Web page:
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The Church Vs The Women; The Kerala Case

The Church Vs The Women; The Kerala Case
January 24, 2019 ezekschuba@gmail.com

By Sandie Syke

June 2018 – Kerala, India: A nun filed a complaint against a Bishop claiming he had raped her at least 13 times between 2014 and 2016.

Understandably, this generated a lot of reactions. What followed is a story we are all too familiar with, one of victim blaming, victim character assassination, lies and attempted bribery.

Three months later, after various protests and a hunger strike by a social activist, the alleged rapist stepped down from his role as Bishop and was arrested following the realization of doctored videos and conflicting testimonies by the accused. Three weeks after his arrest, the Bishop was released on bail and returned to his diocese where he was welcomed by some of his supporters.

Since the complaint in June, many people had been instrumental in moving the case forward, most prominently, the five nuns who protested until the Bishop was arrested and a key witness, a reverend father, who passed away suddenly a month after the arrest of the Bishop (I smell Conspiracy).

These five nuns have now recently come under fire as the Congregation they pledged their lives to seem to be turning their backs on them. The nuns have all being transferred out of the convent in Kuravilangad in Kottayam, Kerala where they have been staying with the victim since the protests started in September 2018. This was done by the order of the Superior General and comes on the heels of the lack of protection of these nuns by the church as recommended by the police in Kerala because the church said it did not have the financial means to provide such protection.

Furthermore, a nun who has been vocal about her support for the victim was recently served a warning letter requesting her to appear before a church panel to explain why disciplinary action should not be taken against her for talking in public and granting interviews without the knowledge of her superiors.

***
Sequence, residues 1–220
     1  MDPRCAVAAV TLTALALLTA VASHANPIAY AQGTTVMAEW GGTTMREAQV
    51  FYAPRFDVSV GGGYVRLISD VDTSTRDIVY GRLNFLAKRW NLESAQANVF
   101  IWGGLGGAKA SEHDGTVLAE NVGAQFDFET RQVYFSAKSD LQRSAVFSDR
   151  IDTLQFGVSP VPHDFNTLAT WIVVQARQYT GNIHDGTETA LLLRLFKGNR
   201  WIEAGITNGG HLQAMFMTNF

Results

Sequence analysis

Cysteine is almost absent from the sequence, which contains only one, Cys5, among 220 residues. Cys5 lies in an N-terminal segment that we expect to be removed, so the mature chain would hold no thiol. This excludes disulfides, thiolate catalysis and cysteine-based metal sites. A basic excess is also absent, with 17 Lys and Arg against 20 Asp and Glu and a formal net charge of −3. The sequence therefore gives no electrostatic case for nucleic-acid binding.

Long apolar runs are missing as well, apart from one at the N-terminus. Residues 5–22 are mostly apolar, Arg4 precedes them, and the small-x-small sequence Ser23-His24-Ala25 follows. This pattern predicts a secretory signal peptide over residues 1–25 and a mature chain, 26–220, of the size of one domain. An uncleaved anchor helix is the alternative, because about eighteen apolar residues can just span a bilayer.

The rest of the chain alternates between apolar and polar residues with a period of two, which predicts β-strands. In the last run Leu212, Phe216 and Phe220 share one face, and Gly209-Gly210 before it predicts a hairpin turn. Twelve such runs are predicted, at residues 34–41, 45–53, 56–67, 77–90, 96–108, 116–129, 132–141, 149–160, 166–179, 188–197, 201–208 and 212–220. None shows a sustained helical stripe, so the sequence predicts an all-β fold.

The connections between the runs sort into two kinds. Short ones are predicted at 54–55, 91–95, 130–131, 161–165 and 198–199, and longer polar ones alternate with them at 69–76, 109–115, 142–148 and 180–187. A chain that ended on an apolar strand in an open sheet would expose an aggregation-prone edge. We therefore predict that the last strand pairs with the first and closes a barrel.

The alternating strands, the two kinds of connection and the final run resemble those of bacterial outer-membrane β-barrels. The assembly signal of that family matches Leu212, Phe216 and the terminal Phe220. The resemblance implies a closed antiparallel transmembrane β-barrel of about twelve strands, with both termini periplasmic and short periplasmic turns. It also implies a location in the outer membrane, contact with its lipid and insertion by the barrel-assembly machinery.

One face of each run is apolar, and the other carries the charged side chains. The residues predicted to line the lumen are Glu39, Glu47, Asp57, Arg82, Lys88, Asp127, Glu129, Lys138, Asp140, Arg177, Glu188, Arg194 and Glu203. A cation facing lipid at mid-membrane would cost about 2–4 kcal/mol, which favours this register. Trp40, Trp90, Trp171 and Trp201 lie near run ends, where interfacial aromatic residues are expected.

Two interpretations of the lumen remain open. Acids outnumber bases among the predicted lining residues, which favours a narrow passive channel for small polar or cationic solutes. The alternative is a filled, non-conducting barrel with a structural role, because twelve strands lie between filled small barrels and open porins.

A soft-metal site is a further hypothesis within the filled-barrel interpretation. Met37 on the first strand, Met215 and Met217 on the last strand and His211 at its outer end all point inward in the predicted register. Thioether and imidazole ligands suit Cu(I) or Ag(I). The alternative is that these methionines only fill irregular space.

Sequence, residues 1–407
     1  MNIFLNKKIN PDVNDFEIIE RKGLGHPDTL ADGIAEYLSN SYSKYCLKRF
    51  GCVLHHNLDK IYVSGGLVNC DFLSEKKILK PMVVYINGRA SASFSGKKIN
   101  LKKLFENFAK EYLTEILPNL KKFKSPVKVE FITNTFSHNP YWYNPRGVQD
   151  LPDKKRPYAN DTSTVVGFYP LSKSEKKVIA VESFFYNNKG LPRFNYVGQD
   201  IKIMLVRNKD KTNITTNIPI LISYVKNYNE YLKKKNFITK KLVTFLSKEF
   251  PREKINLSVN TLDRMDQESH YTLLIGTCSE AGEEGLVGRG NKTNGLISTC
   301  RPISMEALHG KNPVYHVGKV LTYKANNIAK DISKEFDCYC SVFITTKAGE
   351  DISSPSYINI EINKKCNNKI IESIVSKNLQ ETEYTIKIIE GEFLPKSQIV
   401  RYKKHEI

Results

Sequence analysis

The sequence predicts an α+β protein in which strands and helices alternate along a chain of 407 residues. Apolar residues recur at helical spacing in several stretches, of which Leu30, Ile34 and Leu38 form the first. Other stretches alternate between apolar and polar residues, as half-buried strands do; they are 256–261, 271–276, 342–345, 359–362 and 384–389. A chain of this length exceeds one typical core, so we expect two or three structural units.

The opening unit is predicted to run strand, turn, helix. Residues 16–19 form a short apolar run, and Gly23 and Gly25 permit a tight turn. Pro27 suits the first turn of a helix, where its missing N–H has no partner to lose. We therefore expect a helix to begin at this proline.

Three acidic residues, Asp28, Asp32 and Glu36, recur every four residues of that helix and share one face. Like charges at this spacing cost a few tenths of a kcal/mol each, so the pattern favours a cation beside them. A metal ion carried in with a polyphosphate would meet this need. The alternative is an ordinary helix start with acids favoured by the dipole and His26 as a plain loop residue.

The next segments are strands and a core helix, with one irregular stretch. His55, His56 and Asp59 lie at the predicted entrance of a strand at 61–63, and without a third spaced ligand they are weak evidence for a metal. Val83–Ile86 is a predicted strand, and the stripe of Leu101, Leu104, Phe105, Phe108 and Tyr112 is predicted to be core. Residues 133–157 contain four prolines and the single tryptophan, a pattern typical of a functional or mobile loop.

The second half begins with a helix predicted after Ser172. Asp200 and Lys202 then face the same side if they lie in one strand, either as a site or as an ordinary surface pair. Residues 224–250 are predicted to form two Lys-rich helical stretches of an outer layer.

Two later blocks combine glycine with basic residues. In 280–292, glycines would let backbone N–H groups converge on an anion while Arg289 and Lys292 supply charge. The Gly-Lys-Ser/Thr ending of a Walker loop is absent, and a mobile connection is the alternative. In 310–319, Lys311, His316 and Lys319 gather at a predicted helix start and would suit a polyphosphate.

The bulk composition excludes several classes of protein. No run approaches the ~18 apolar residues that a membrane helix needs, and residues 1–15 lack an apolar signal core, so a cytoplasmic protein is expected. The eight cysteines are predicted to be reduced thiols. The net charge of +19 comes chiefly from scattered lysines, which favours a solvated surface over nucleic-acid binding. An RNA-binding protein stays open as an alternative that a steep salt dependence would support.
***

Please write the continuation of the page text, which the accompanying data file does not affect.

The five nuns are expressing fears for their safety should they be moved to different convents as ordered and citing the sudden death of the key witness reverend father as the basis for their fears. The case is still ongoing.

Unfortunately, the events unfolding in the Kerala Rape Case are not surprising. Various organized religious bodies have had a long, sordid history of protecting sexual predators and rapists. Most times it is out of the misguided need to protect the image of the religious body which is prioritized over the welfare of the victim. In doing so, organized religions shield and protect the accused person within their walls and may even go as far as to harm the victim. The fact that it took the victim so long to report this rape points to the dilemma that must have gone on in her mind, there are some comments from family members noting that the victim seemed to be depressed following the first incident in 2014.

Anecdotal evidence abounds regarding the futility of seeking solace within religious organizations in cases of sexual assault. Victims often share that after a reported assault or rape, they are often blamed or told that they brought it upon themselves in one way or another. They are often asked to forgive their attackers and move on, or ‘leave the judgement up to God’.

Should a victim decide to pursue the case legally they would often find themselves alone and ostracized by the same community that’s supposed to provide solace for them.

We are yet a long way from change in this regard, but this is why the work STER is doing is so important. Knowledge is power, and the ability to find solace in a community like STER is vital. Victims need to know that they are not alone and there are people out there who believe them and will walk with them through the long tortuous road ahead. For the vast majority of people, this knowledge alone would significantly improve how they cope psychologically with the fact of the assault, regardless of what they decide to pursue legally or otherwise.

As individuals, we can all strive to make our immediate environment that of support and understanding, we should speak up immediately we see an assault at church or elsewhere and we should reach out to those around us who seem to be carrying a heavy burden. Sometimes all that’s needed is a listening ear, you can be that person for someone in their darkest moments.